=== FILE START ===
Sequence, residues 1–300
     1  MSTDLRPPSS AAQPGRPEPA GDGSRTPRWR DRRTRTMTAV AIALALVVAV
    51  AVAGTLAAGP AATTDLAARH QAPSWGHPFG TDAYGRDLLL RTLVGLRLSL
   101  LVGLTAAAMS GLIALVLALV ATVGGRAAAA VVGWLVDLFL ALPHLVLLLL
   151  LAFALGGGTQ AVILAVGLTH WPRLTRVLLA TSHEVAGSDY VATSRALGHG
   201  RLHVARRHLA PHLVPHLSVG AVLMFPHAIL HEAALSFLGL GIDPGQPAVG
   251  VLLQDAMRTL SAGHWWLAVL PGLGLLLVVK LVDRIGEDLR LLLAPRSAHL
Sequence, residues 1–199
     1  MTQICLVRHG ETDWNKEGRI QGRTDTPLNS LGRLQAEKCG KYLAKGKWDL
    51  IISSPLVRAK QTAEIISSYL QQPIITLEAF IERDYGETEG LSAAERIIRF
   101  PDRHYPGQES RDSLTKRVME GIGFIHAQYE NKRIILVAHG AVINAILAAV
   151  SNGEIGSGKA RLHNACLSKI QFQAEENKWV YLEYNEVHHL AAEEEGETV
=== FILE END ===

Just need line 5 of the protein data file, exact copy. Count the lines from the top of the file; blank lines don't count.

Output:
   151  LAFALGGGTQ AVILAVGLTH WPRLTRVLLA TSHEVAGSDY VATSRALGHG